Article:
And, much as it was with his father, it happened for Brandon at a time when the actor was just on the cusp of stardom.

It was on the set of what was to be Brandon Lee’s breakout movie that Lee would meet a premature demise.

Brandon’s death proved grislier than dad Bruce’s: he was killed when a ‘prop’ gun fired a real bullet into his abdomen while he was shooting a scene for The Crow.

How they fixed it

Lee had only had another three more days left to go on The Crow when he was accidentally killed.

With so much material in the can, producers decided they had enough to complete the movie without Lee – with copious tinkering, of course.

Script rewrites and CGI were subsequently used to replace Lee in crucial as-yet un-shot scenes.

This gave Lee the dubious honour of being the first dead actor to be ‘resurrected’ via CGI.

With the film sufficiently fixed, The Crow went on to be a cult hit, making Brandon a posthumous star just like his father before him.

And actors who died mid-franchise…

The next two actors didn’t die partway through shooting a film, but they did pass in the middle of a franchise they were key components of.

Richard Harris

Irish actor Richard Harris had been cast as Professor Dumbledore in the Harry Potter franchise in 2000.

Harris completed filming for the first two films in the franchise, The Philosopher’s Stone and The Chamber of Secrets.

However, in August 2002, Harris was diagnosed with Hodgkin’s disease after being hospitalised with pneumonia.

He died at University College Hospital in Fitzrovia, London on 25 October 2002, aged 72.

This was between filming for The Chamber of Secrets and The Prisoner of Azkaban.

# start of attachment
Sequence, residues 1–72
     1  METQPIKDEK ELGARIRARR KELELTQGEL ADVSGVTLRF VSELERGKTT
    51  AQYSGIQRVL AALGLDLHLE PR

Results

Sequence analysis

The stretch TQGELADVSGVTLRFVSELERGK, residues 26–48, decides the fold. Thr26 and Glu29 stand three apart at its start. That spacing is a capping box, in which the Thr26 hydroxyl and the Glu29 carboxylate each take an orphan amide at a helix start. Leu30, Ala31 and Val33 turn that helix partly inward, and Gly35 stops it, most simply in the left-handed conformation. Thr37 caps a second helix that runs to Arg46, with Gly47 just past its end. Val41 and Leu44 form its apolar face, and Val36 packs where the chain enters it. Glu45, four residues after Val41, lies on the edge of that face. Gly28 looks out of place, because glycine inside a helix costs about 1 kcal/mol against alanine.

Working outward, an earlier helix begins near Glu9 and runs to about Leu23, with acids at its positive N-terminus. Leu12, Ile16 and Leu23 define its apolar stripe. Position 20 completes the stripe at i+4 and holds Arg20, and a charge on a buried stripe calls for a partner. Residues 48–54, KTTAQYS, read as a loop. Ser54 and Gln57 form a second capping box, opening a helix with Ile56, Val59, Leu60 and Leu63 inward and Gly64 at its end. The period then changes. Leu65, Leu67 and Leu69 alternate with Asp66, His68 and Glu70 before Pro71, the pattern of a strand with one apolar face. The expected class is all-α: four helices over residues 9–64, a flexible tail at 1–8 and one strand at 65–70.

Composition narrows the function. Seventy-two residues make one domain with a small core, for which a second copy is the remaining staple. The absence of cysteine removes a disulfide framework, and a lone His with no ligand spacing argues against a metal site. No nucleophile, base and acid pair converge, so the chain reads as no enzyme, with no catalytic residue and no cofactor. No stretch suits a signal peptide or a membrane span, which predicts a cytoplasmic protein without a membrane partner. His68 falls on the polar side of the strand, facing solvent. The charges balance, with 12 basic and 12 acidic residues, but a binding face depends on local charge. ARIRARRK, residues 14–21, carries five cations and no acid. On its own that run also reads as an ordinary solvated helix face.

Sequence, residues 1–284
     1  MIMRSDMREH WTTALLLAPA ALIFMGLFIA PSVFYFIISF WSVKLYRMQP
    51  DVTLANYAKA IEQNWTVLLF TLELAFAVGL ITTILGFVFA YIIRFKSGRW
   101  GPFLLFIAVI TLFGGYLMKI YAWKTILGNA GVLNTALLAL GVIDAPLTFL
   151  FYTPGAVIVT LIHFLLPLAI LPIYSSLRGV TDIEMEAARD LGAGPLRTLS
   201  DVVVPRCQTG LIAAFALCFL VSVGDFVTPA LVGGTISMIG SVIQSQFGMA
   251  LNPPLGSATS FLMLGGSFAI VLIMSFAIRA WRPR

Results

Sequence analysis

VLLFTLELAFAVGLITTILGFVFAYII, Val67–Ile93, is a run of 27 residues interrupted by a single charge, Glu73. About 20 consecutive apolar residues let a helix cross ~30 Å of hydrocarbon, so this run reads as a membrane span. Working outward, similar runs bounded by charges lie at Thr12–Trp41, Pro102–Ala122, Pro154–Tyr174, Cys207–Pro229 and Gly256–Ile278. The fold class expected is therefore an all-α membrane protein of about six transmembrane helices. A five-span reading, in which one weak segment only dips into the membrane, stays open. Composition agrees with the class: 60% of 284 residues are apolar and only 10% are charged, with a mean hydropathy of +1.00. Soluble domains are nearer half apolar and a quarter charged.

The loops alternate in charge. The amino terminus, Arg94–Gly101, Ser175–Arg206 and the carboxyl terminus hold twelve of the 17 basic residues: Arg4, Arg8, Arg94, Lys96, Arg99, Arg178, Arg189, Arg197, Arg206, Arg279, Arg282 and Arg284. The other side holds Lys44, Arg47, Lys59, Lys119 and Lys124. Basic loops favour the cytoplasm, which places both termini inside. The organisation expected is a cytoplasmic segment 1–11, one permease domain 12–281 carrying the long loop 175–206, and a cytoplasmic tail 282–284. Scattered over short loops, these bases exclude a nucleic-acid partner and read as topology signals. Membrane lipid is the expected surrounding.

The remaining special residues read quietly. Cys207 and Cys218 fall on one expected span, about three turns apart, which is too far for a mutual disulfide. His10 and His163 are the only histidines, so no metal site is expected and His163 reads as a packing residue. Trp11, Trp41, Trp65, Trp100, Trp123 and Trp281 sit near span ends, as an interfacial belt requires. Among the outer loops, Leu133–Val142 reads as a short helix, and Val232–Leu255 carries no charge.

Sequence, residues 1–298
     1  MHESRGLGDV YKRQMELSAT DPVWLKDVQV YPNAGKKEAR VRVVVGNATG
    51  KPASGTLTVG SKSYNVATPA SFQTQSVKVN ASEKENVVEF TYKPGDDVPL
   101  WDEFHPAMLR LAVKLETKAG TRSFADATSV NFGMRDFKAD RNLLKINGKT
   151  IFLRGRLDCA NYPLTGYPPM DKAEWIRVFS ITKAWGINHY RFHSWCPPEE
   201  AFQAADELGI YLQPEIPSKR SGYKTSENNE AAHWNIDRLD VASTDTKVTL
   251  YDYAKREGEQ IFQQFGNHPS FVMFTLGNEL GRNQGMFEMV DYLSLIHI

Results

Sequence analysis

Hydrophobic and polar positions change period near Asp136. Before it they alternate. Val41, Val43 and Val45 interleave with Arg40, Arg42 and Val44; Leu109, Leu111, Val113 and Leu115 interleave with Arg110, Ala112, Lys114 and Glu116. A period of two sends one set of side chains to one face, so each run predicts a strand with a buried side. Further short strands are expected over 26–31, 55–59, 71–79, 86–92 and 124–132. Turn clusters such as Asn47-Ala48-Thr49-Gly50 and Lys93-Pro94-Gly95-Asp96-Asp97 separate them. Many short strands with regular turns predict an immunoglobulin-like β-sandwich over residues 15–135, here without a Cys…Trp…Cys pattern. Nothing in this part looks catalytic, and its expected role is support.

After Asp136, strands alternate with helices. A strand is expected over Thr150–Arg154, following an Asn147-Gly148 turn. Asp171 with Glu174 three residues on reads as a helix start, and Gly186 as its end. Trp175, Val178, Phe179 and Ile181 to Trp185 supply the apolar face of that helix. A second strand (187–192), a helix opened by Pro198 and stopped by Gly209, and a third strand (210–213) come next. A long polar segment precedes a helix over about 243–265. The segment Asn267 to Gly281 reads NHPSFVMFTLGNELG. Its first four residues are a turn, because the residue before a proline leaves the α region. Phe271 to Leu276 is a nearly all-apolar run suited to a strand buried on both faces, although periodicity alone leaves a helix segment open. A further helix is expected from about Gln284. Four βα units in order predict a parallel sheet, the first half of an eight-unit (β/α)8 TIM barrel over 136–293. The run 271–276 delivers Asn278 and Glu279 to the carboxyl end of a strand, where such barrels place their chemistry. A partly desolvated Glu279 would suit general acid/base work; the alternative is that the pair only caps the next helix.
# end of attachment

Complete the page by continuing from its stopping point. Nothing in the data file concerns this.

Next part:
There was some talk of using a similar technique as they had done with Oliver Reed, and having Harris recreated digitally for the remaining films.

This idea was soon scrapped, and the part was recast with Michael Gambon stepping into the wizard’s shoes.

Anton Yelchin

Anton Viktorovich Yelchin was an up-and-coming actor who starred in the blockbuster Star Trek franchise.

He played Pavel Chekov in three Star Trek films: Star Trek (2009), Star Trek Into Darkness (2013), and the posthumously released Star Trek Beyond (2016).

Tragedy struck on 19 June 2016, however, when Yelchin was discovered between his Jeep Grand Cherokee and a brick pillar outside his home in Studio City, California.

After Yelchin exited his car, the vehicle rolled back down his driveway (which was on a steep incline) and trapped him against the pillar and a security fence.

Yelchin was pronounced dead later that day. The Los Angeles County coroner’s office identified the cause of death as “blunt traumatic asphyxia” and stated that there were “no obvious suspicious circumstances involved”.

Following Yelchin’s death, the producers of Star Trek stated that the role of Chekhov would not be recast and that the character would be written out of any subsequent Star Trek films.

Star Trek Beyond was dedicated to Yelchin and to Leonard Nimoy, who had died between the release of Star Trek Into Darkness and Star Trek Beyond.